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Crop Science Abstract -

Associations among Characters Related to Yield Sink Capacity in Space-Planted Rice


This article in CS

  1. Vol. 36 No. 5, p. 1135-1139
    Received: June 26, 1995

    * Corresponding author(s):
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  1. Tsuneo Kato  and
  2. Kazuyoshi Takeda
  1. S chool of Bioresources, Hiroshima Prefectural Univ., Shobara, Hiroshima, 727 Japan
    R esearch Inst. for Bioresources, Okayama Univ., Kurashiki, Okayama, 710 Japan



Yield sink capacity, a maximum size of sink organs to be harvested, has been one of the objectives in crop breeding for increasing yield. This study investigated associations among characters related to yield sink capacity of rice (Oryza sativa L.). Two populations of recombinant inbreds (RI), which differed in their genetic variance for grain size, were examined in four environments. Genetic and environmental correlations were estimated with an analysis of variance on the data obtained from single plants. Filled grain percentage showed a high negative genetic correlation with yield sink capacity in a RI population with smaller grain size variation (r = −0.96). This correlation was not so high in another RI population with larger grain size variation (r = − 0.49). Hence, genetic variation in grain size could reduce the negative genetic relationship between filled grain percentage and yield sink capacity. In both RI populations, filled grain percentage showed negative genetic correlations with the traits for number of spikelets on secondary branches (SB) and a positive genetic correlation with number of primary branches (PB) per panicle. The number of PB per panicle did not show positive genetic correlations with the traits for number of spikelets on SB. These findings suggest that spikelets on PB, which generally produce well-ripened grains, can be increased by increasing the number of PB per panicle, without overproducing spikelets on SB. Thus, rice cultivars could be developed bearing panicles with both a large spikelet number and a high filled grain percentage.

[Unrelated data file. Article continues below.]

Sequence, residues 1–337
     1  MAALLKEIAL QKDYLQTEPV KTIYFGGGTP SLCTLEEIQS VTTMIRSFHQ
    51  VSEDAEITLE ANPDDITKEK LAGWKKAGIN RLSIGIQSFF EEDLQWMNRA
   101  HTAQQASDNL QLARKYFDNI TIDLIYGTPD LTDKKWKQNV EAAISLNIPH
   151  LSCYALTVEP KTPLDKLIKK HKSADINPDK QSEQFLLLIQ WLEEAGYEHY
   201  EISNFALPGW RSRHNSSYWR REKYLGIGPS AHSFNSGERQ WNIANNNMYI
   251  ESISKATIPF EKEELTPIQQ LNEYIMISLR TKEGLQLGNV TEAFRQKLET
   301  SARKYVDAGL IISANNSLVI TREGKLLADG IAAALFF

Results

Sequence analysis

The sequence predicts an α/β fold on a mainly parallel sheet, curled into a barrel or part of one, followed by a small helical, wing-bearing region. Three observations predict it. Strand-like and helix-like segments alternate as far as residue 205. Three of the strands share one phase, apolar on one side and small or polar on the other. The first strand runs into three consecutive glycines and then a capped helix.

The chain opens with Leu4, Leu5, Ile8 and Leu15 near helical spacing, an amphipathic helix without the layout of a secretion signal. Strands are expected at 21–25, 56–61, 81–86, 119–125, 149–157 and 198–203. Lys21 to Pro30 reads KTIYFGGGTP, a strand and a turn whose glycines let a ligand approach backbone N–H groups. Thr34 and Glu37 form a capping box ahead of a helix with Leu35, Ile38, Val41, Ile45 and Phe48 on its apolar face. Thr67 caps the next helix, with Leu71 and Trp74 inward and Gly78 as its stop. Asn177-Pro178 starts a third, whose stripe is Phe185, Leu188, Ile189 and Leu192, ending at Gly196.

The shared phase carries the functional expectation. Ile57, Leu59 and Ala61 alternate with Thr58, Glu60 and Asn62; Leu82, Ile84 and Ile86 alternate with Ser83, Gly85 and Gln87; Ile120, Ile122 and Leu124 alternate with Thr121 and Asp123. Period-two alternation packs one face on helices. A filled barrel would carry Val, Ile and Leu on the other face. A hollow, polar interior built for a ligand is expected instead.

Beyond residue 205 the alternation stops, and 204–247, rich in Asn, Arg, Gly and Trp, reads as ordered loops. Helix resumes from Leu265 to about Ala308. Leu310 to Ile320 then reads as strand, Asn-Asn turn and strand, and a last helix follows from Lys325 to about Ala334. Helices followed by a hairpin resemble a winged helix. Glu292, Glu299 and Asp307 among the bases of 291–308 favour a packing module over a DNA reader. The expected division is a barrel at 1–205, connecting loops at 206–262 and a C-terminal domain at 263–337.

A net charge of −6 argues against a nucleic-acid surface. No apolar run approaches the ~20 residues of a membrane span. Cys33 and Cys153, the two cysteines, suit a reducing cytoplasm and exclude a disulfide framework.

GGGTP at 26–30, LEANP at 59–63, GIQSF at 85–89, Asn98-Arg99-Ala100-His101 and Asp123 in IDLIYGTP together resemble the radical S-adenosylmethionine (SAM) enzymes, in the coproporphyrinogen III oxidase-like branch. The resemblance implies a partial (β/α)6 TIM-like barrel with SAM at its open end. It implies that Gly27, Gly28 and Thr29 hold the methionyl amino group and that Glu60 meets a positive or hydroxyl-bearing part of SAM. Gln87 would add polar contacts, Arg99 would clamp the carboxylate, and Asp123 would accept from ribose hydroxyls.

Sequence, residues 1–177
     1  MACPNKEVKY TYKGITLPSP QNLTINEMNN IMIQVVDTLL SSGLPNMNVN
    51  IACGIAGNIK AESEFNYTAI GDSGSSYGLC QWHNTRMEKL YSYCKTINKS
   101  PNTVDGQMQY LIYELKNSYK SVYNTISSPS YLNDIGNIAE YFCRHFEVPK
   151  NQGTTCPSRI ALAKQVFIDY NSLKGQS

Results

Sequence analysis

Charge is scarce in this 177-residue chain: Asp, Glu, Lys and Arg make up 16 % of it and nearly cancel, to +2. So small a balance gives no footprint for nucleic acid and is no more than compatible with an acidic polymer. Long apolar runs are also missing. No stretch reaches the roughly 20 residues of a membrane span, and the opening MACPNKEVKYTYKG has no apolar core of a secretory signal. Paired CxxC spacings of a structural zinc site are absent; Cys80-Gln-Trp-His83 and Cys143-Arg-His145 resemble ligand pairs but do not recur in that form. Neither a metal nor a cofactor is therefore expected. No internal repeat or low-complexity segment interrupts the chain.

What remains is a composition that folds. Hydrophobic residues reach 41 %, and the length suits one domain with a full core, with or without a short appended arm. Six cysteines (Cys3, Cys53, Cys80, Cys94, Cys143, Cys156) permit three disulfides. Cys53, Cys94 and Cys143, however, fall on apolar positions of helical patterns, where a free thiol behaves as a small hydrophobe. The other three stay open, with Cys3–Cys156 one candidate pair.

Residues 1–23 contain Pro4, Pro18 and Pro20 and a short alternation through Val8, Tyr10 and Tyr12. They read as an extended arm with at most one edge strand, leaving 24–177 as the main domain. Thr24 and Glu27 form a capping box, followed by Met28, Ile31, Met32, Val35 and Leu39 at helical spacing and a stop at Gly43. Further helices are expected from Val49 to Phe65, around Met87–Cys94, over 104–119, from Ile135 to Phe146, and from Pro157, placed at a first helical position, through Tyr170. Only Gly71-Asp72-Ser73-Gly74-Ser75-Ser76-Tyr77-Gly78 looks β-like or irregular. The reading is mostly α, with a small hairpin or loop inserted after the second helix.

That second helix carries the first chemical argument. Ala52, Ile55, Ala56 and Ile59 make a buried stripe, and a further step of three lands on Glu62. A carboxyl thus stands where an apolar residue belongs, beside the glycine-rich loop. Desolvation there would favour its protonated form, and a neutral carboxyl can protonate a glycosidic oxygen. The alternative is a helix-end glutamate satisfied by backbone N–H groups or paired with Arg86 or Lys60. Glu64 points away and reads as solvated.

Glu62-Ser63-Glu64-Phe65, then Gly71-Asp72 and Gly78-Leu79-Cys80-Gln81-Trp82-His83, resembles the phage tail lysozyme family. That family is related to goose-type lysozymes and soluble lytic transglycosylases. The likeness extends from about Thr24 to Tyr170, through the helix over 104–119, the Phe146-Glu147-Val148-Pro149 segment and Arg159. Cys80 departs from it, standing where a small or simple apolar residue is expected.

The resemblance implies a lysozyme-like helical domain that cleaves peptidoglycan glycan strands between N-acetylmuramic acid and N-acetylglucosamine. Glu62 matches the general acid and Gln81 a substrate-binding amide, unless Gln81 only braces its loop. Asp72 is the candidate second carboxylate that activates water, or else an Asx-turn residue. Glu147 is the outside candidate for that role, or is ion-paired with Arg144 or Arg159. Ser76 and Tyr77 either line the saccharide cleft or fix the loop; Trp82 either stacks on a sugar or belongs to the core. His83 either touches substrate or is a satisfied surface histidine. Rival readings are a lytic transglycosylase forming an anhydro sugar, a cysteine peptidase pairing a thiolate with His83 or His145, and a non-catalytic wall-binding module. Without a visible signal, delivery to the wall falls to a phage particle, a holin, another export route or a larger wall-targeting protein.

This study was supported by a Grant-in-Aid for Scientific Research (No. 02261102) from the Ministry of Education, Science and Culture of Japan.

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